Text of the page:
I read this book because Hamlet is my absolute favorite of all of Shakespeare's plays. I even have a framed picture of Arthur Hughes' Ophelia on my wall. But as I began, I did note that the author focused more on the mental state of Hamlet, his relationship with Horatio (which I appreciated) and the notion that Hamlet's father is very cruel in his intention of making his only son do the dirty work of avenging him. He also maintained all the major scenes of the original play. Well, to a point. Marsden left out the crucial scene of Hamlet confronting Ophelia about whether or not she is spying for her father and dragging her about the room. Remember, "get thee to a nunnery?" Why is this scene crucial you ask? Because it is the one scene where you pity Ophelia more than you do Hamlet. She is terrified of him in this scene. Not only that, it makes the audience remember her as a character. Instead in Marsden's book, one minute she's obsessing over Hamlet's beautiful figure and next minute she's dead. She is quite forgotten. While alive, Marsden made her appear not as a pure, sweet, pitiable character but as obsessed, emotional, and sexually starved. Ophelia is indeed supposed to be naive, but of a different sort entirely. Marsden also neglected the second appearance of Hamlet's father's ghost. This is absolutely necessary, because the reader (and the audience if we speak of the original) will forget him as character as well. In the end, the only characters that Marsden did justice to were Horatio and Hamlet. For the reader it feels like Marsden would've preferred to write a novel focusing on those two instead. Shakespeare wrote these scenes for a reason, and Marsden seems to treat important secondary characters as though they are only passing through. Thank goodness it is a quick novel or I probably would've stopped reading it altogether. ( )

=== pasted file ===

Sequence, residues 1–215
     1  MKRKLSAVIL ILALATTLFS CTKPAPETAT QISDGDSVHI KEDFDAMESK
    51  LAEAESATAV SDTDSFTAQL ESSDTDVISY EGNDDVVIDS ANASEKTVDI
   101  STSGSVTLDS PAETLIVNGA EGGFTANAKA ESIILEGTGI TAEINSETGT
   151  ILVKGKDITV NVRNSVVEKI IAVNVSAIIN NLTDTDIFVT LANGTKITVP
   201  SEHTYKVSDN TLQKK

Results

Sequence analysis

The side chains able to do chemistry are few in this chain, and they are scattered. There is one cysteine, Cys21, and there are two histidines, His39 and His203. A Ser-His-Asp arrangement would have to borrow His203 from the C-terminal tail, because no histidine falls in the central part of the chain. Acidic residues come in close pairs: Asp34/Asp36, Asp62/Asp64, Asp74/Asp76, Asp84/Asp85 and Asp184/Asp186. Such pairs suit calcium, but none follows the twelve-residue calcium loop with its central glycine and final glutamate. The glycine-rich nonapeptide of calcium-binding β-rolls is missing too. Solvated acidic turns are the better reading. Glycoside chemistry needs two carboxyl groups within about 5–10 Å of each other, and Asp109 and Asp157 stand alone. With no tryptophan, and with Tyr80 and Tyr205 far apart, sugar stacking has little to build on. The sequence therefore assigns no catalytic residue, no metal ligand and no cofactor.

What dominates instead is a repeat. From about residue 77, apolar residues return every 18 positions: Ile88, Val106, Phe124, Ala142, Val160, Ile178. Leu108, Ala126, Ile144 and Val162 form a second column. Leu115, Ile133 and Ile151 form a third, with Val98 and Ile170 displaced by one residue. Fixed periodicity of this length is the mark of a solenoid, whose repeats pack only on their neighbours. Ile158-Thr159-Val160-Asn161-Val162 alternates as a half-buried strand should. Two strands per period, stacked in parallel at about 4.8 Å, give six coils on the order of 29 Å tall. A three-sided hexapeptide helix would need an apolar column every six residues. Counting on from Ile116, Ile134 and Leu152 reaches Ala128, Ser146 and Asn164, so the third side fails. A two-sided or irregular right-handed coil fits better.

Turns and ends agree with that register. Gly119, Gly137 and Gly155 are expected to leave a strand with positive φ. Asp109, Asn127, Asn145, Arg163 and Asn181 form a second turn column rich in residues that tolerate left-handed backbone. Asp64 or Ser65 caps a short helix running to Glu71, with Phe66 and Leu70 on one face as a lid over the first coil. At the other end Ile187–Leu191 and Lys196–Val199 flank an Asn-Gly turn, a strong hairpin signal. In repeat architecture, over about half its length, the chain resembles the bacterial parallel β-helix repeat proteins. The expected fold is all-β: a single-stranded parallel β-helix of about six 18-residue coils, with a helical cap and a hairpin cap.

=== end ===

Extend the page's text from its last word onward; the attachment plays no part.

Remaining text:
asukamaxwell | Dec 12, 2012 |
Reason for Reading: I enjoy Shakespeare retellings and Hamlet is probably my favourite Shakespeare.

The book tells the story of Shakespeare's Hamlet. The plot is there and all the major points are present. The author uses some of the original language while modernizing it yet keeping all the most famous quotes such as "to be or not to be". So to read this book one does get the plot of Shakespeare's Hamlet without having to read or experience the original. But I was not impressed with this retelling at all.